Indiana slipped by Wisconsin 52-51, marking the fourth time in five games that the Badgers have been involved in a one-point decision. Even in defeat, Wisconsin, playing at Indiana, gained some of the stature the Hoosiers continue to lose. Before their game the two schools were tied at 13th in the national rankings. Purdue also looked like a team that could finish atop the Big Ten. The Boilermakers made turnovers their first six times down the floor against Northwestern, yet came back from a 17-2 deficit to win 85-78. John Garrett and Frank Kendrick combined for 42 points against Illinois, losing its 10th consecutive game to Purdue, this time by 91-69. At Minneapolis, Gopher Coach Bill Musselman failed to see the light. Trailing Michigan by seven points with 37 seconds left, Minnesota pulled to within two at 65-63—or so it seemed to Musselman. Actually, the score was 66-63; but a burned-out scoreboard bulb made it appear that the margin was two points. As a result, PeteGilcud's last-second tip-in for Minnesota sent Gopher fans into a false delirium—and Michigan home with its 10th triumph in 12 games.

"Too many guys are putting their hands on their hips too soon," said Al McGuire, concerned that his team had grown complacent after being all but alone on campus for a month at semester break. The Warriors broke out of their stupor by drilling San Diego State 90-66 but was so sloppy in edging DePaul 63-59 that McGuire held a closed-door dressing-room session.

If it was too early for returns to mean much in the Big Eight, one thing seemed certain: Oklahoma's prize sophomore, Alvan Adams, will again be voted Player of the Year. He hit the last four Sooner field goals and totaled 27 points in a 65-63 thriller over Kansas State. Missouri waved aloha to Hawaii and its 11-0 record in a mainland unwelcome, beating the islanders 86-74 as Al Eberhard and Gary Link combined for 42 points. Notre Dame, girding for Saturday's game with UCLA, jumped out to a Bruinlike 12-0 lead over Xavier and romped home 87-44.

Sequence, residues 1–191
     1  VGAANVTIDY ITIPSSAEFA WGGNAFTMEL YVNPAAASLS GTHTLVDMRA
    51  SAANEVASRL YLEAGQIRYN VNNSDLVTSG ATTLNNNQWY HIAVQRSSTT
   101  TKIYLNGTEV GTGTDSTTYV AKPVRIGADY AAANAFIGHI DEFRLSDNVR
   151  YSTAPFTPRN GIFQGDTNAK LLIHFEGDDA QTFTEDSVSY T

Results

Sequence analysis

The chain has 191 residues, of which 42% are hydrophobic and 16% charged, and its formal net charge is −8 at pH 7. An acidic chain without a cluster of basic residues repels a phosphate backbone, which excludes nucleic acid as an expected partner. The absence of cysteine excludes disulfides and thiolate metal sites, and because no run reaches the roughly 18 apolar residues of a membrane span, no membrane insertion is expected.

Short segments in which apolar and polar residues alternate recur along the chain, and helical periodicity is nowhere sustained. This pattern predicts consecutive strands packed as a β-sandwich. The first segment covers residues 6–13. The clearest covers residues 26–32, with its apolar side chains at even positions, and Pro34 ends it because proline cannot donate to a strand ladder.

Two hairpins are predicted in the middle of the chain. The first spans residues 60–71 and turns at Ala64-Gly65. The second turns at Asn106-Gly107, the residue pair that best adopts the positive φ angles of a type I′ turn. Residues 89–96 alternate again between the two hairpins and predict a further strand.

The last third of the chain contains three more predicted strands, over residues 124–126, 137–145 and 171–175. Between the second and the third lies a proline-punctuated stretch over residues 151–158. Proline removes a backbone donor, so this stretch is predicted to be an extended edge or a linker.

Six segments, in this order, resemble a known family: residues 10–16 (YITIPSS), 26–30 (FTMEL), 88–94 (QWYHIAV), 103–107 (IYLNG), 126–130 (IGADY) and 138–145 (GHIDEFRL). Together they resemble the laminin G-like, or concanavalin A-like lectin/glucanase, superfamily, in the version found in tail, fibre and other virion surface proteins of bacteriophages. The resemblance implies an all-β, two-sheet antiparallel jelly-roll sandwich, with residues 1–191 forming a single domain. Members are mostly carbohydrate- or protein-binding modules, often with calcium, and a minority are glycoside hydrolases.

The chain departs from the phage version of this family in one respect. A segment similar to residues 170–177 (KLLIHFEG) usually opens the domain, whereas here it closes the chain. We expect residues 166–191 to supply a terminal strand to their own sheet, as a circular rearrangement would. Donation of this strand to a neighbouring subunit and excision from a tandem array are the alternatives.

1. NOTRE DAME (8-0)
2. MARQUETTE (12-1)

WEST

It was a bad, bad, bad week for Jerry Tarkanian, the new coach at Nevada-Las Vegas. His Rebels were upset in two West Coast Conference games, at St. Mary's 69-66 and Seattle 82-64, and his old team at Long Beach State was slapped with a three-year probation for violations that in some cases involved him. State President Stephen Horn submitted to the NCAA a resolution that would penalize the previous athletic administration and not the school where the infractions took place.

In a separate action, the NCAA also suspended Long Beach starters Roscoe Pondexter, a junior, and Glenn McDonald, a senior, for alleged entrance rule infractions. Both players missed the 72-53 beating Long Beach State gave Pacific. But after receiving temporary restraining orders from a federal court judge, they were in on the similar battering of San Jose State 72-57.